How Stress Can Affect Your Energy

Are you recently feeling that your energy levels are all over the place? Do you feel lazy or tired throughout the day? Or feel tired even after you sleep? The feeling of tiredness is defined by the need to sleep or rest. After a good sleep, you should feel energized and ready to meet the challenges of the day. If this isn’t the case, then you are stressed.


In times of pandemic, most of us feel exhausted all the time. Many of us are feeling all kinds of stress-physical, emotional, and financial. Stress is the normal response of the body to the challenges of life, and it causes the body to release hormones that cause the protective response to prepare it to react effectively and quickly. But overexposure or recurrent stress affects the body, its functions, and energy levels drastically.


Read below to know how stress can affect your energy:


First Stage


When the body experiences stress at first, it has its alarm reaction. The hypothalamic-pituitary-adrenal (HPA) axis and sympathetic nervous system are activated, which releases norepinephrine, cortisol, and adrenaline into the bloodstream. The body then begins to make the necessary adjustments to the energy levels. In this phase, you will experience slowing of the digestive system, muscle tension, elevated blood pressure, and reduced pain sensitivity. Initially, this response produces a burst of energy that benefits your well-being and is motivating for some.


Second Stage


This stage is of resistance. It occurs when the resources of the body are depleted. It then results in exhaustion. If the stressor isn’t removed, discomfort and illness can occur in both mind and body.


Third Stage


It begins when you are completely drained, and therefore, irritability, anxiety, and self-destruction behavior kicks in. This stage wreaks havoc on your daily lifestyle and contributes to health problems like diabetes, heart disease, and blood pressure.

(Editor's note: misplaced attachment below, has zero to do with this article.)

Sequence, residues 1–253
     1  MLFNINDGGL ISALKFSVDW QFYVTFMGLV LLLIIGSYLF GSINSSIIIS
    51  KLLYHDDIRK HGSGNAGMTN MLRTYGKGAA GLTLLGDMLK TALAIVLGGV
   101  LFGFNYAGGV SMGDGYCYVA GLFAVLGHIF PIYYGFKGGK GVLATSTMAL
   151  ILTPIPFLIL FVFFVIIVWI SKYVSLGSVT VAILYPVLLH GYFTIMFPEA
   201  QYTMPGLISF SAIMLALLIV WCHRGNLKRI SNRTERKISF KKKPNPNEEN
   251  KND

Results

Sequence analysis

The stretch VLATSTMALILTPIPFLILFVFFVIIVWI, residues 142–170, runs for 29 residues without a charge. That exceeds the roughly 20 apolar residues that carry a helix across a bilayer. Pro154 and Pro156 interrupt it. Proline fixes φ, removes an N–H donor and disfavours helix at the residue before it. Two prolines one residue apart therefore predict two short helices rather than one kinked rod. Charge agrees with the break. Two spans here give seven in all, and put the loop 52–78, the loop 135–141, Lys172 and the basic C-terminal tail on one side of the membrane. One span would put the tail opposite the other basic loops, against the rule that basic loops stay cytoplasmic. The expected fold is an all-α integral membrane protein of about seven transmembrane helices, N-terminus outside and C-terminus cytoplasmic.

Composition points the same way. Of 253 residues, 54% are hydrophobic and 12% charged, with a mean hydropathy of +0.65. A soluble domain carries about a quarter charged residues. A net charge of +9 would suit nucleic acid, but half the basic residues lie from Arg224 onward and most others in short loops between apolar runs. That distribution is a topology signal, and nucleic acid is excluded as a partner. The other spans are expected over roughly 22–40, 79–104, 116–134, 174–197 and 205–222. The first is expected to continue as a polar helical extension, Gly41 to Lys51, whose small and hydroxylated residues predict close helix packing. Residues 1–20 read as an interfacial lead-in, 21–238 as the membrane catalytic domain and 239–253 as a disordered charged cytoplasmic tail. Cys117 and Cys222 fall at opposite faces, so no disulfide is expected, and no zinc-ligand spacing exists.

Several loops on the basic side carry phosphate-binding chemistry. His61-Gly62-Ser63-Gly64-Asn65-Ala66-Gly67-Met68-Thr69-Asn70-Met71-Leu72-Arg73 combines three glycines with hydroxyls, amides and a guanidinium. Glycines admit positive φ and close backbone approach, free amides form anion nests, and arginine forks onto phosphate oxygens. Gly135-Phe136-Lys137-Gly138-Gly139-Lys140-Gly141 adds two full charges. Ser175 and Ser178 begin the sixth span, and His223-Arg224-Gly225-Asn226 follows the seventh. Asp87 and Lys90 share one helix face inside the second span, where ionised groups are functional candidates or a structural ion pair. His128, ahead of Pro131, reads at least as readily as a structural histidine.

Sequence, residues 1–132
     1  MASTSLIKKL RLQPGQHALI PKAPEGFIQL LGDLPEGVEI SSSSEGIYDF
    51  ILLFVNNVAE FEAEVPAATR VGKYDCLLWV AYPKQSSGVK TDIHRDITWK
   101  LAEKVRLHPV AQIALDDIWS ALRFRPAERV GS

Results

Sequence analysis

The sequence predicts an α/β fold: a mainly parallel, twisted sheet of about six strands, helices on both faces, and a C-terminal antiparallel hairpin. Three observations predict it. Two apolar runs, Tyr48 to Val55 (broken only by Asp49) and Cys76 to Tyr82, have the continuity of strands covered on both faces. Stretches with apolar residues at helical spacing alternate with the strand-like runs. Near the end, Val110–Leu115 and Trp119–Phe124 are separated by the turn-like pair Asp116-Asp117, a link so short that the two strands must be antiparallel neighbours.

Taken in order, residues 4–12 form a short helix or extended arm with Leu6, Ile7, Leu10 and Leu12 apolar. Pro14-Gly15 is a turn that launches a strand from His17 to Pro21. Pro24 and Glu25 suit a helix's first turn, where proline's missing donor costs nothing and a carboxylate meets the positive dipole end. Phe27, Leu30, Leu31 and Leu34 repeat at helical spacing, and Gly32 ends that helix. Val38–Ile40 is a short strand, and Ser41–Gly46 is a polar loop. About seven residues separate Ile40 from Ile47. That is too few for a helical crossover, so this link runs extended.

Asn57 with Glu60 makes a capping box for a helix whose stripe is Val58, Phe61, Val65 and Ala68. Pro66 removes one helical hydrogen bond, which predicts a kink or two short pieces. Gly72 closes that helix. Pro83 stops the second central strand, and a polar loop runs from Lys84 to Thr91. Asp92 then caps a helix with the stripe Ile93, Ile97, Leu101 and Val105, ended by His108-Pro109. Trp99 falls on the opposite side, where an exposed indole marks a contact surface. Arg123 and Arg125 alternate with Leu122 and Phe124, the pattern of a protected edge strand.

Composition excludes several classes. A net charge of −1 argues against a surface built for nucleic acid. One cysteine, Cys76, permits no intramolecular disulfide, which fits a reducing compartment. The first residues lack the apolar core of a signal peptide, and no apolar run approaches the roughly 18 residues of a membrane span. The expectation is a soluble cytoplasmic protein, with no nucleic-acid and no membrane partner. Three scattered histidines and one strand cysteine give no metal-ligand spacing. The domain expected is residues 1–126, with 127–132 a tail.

What to do if stress affects your energy?


Be observant: Look out for the changes in your energy level and talk to your physician to ensure that any medical condition does not trigger the change. After ruling out the medical conditions, it is best to be observant and identify the source of stress and address it accordingly without making yourself feel exhausted physically and mentally.

Watch your diet: Stress affects your eating habits and digestive system. So, you must pay attention to your choice of food and drinks. Avoid sugar, fatty food, and alcohol as it leads to energy slumps. It is best to eat food that offers nutrition to the body to feel energetic.

Regular exercise: Exercise is essential for both mind and body. It is known to boost your mood and manage stress. It is best to find ways to exercise that make you feel energetic and not drain your energy. Going for a nice long walk or dancing to your favorite song, or stretching in your backyard can boost your mood and improve health.


It is best to stay connected with your family and friends if you are experiencing stress. Also, you should seek help from a certified psychiatric professional. They will guide you and help you manage your stress to help you feel better and energized throughout the day.